Financial Help Tips | Southern Minnesota

Things to Think of When You Need Financial Help!

No matter if you’re married, divorced or widowed.  A farmer or business owner.  A person trying to sell their business or starting a new one.  A recent college graduate or a retiree.  Someone planning to retire in 20 years or 2 months.  You need financial advice–so where do you start?

The first thing is to find someone that is “Certified” to help you–meaning they have the training and education to help you such as a “Certified Public Accountant” or CPA.  They have the expertise to help in all types of accounting and tax situations–even with IRS or State Tax Notices.

If you have tax returns that need to be filed, a CPA will know the new tax laws and be able to help determine what documents are needed to prepare them.  To be sure nothing is overlooked, bring in your previous year’s tax return along with the documents that were used to prepare them since much of the information stays the same from one year to the next.  The CPA should also be able to project your taxes for the coming year to ensure you have the proper withholding or have calculated the correct estimated tax payments.  Then you shouldn’t have a large balance due in April.

Secondly, go to an independent “Certified Financial Planner,” CFP, they will be able to help you with your investments and plan for the future.  They’ll understand how all your assets and liabilities relate to one another and can help grow your investments within the time horizon and risk level you have.  This way you are able to meet your goals, like putting the kids through college or retiring at a certain age or paying off debt.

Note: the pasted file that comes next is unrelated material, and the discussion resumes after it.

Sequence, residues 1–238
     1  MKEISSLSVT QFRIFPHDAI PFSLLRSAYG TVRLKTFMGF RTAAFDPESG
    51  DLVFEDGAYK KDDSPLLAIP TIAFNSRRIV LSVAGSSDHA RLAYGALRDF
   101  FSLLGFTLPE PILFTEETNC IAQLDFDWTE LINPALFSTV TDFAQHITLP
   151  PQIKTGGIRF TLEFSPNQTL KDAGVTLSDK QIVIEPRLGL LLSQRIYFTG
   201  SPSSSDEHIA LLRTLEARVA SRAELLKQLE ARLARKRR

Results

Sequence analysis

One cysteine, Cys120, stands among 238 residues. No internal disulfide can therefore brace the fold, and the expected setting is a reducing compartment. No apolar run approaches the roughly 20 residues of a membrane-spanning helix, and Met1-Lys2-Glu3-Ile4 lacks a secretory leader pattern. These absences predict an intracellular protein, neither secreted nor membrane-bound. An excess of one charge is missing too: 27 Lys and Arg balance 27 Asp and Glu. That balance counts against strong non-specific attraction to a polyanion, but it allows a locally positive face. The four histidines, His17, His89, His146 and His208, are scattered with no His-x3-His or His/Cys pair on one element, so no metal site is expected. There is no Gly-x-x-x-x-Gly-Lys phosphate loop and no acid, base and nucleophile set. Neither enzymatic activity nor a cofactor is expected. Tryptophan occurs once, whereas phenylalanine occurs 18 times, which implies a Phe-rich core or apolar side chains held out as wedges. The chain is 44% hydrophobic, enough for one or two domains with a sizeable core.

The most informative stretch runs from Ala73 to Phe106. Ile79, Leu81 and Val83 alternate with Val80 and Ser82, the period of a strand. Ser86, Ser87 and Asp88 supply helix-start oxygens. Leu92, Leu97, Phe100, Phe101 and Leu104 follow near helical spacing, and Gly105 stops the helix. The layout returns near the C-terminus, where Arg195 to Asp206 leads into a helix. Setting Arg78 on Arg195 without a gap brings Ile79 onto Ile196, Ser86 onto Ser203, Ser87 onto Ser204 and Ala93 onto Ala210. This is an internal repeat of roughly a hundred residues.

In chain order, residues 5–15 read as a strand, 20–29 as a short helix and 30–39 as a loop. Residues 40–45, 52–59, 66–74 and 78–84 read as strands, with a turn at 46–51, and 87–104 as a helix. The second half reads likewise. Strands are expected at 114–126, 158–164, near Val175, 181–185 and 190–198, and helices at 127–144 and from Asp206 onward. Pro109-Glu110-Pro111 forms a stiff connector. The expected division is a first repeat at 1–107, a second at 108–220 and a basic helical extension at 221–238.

You should be able to talk to both the CPA and CFP and understand what they are telling you.  While they need to know the technical terminology and how everything works, they should be able to explain it so that you understand it.  You should be confident in the knowledge that they grasp your whole situation and how it’s all interrelated.  If you can find a person that has both of these credentials you’re even better off because they’ll know the investment side and the tax side in great detail–and how both work together.

Your advisor needs to understand how everything relates to one another and you need to be talking with them throughout the year before any major decisions are made.  Major decisions would include: when to start drawing Social Security or taking money out of your retirement account.  Will your health insurance bee affected because now you earned more money?  Or will taking money out of one account cause more of your Social Security to be taxes?  Well, it all depends because your financial situation is unique to you.

With our ever-changing tax code, it’s essential the person helping with your investments truly understands your tax situation so you know what the tax consequences will be before you do anything, this way you are planning your taxes as opposed to seeing the backlash next year when filing your taxes.

At our office, we can help with all of this.  Since I’m both a CPA and CFP, we see how all the puzzle pieces fit together from an overall view but can drill down into the details.  We do detailed planning with regards to your taxes and how your investments fit in to them.

Taxes, Investments, Business and maybe a little more!  Sandy Flom, CPA, CFP